In our analysis of textual data there are many different types of entities we need to identify and capture such as companies, organizations, places, currencies, stocks, and people.
The difficulties in accurately capturing entities in text
This task alone can be challenging, but in many scenarios it is further complicated by the fact that entities can be highly contextual and can be referenced in a myriad of forms. Referencing people easily demonstrates this phenomenon. For example, the individual whose name is Steve Michael Johnson may be referred to as Steve, Steve Johnson, Mr. Johnson, and in other ways. However, this is only the beginning of the complexity. All of these references are simply versions of the full name and so they are not too difficult to link together. However, depending on the context, an individual may be referenced in a manner using no fragment of their human name.
Challenges present in warranty claims data
Consider auto accident reports. In this data an individual may be referenced by a form of their name or they could be simply called “the insured party” or “the claimant”, or any of the shorthand variations thereof. In addition to this, some party may be referenced as their vehicle with a metonym such as “the red Toyota was speeding.” In auto accidents there are usually multiple drivers. In the text, there will be references to “Driver 1” or “the second driver”, which represent specific parties without mentioning them directly. Finally, people can also be referenced with pronouns in anaphora as in “He did not see the red light.”
Linking entities together
Identifying names of individuals is one thing, but we often need to link those entities with other entities we discover in the text to create a more holistic representation of knowledge the text contains. This task is called Entity Resolution. A major application of Entity Resolution is in the example examined above with auto accident reports. If an insurance company wished to analyze these reports for subrogation, litigation, or liability assessment, then it is essential to accurately identify two parties – the insured and the claimant – and extract the actions these parties took and the conditions they were in. As we saw, these parties can be referenced dynamically from record to record. We cannot simply build a list of names to search for ahead of time because human names can be shared and Mr. Smith may be an insured person in one record while a different Mr. Smith may be a claimant in another record. The same is true for other types of references such as vehicles and drivers. The red Toyota could be driven by anyone and Driver One is not always the insured party or the claimant party. Instead of relying on pre-assumed knowledge, we have to dynamically search for information within each record that can build a profile of the two parties including their names, what they drive, and what driver they are being referenced as.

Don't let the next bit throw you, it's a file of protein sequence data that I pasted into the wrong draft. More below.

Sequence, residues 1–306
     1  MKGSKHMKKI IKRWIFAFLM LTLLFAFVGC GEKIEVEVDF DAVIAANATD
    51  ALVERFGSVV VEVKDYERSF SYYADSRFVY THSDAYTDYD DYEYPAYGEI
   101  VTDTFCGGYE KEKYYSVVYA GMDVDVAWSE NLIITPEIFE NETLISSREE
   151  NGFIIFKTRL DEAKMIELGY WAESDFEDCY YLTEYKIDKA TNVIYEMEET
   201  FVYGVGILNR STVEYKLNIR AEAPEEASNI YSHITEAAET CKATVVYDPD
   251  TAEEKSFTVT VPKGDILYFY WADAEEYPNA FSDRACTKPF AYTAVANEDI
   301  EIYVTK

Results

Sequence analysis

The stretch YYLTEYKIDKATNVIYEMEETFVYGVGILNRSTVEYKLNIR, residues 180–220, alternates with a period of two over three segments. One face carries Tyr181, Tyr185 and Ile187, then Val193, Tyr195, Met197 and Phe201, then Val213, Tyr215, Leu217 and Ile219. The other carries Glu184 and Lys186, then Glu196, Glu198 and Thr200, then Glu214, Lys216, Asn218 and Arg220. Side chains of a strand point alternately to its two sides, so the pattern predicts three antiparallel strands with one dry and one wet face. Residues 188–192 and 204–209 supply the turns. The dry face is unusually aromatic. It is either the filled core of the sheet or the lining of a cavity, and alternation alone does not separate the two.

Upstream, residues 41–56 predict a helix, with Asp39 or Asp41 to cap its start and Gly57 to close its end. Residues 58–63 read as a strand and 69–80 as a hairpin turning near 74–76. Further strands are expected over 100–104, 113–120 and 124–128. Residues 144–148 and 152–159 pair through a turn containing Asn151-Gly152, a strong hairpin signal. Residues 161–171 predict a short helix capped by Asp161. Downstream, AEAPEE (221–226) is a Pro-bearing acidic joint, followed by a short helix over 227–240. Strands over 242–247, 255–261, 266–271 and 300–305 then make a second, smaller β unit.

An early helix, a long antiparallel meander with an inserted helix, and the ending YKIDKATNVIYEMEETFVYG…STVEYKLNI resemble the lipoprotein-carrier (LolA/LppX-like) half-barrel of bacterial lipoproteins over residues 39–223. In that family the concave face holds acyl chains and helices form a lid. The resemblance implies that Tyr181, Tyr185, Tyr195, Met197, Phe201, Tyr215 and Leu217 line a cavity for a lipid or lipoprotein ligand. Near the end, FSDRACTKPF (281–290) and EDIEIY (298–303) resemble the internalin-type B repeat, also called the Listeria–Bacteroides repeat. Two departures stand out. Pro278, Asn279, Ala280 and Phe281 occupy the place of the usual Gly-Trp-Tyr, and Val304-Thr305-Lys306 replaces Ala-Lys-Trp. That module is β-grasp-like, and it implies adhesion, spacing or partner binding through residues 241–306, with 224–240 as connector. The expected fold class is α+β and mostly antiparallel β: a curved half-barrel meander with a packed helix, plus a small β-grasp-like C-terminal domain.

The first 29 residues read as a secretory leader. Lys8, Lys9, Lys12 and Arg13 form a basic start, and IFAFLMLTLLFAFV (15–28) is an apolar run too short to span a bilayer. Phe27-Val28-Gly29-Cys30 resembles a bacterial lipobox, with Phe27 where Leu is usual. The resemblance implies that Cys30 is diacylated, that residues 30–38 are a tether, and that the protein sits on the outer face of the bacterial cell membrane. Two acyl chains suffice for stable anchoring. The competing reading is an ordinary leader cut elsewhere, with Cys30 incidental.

Solving the problem with PolyAnalyst’s Extensible Pattern Definition Language
This technique is achieved by using PolyAnalyst’s Entity Extraction capabilities with XPDL and is broken into several steps. The first step is to look for these references independently. These means searching for all names and vehicles regardless of what we know about their relationships to the parties. After we have identified these entities we can, in the second step, create links between them and the respective parties they belong to. For example, the text may contain “The insured, Steve Johnson, was rear-ended” and other types of phrases that link entities together semantically. Here we now know that the insured party has the name Steve Johnson. After we search the text for semantic links between the entities, we can enact the third step called post-processing. Here we propagate the knowledge obtained in step two across entities. For example, whenever we see “Steve Johnson” or variations thereof in the text, we can mark it as the insured party. Furthermore, this allows us to create jumps in deduction. If we spot “The insured, Steve Johnson, was rear-ended” and “Steve was in a white F-150” we may not initially conclude that the insured owned a white Ford F-150 in step two but by propagating this information across the data we can deduce such new links.
This three step process of finding isolated entities, establishing logical links between them, and aggregating that information in post-processing, allows us to achieve Entity Resolution within the text in PolyAnalyst. This technique greatly expands how much information we can reliably extract from the text with XPDL. It can be applied to any scenario where complex entities such as people can be referenced in multiple manners.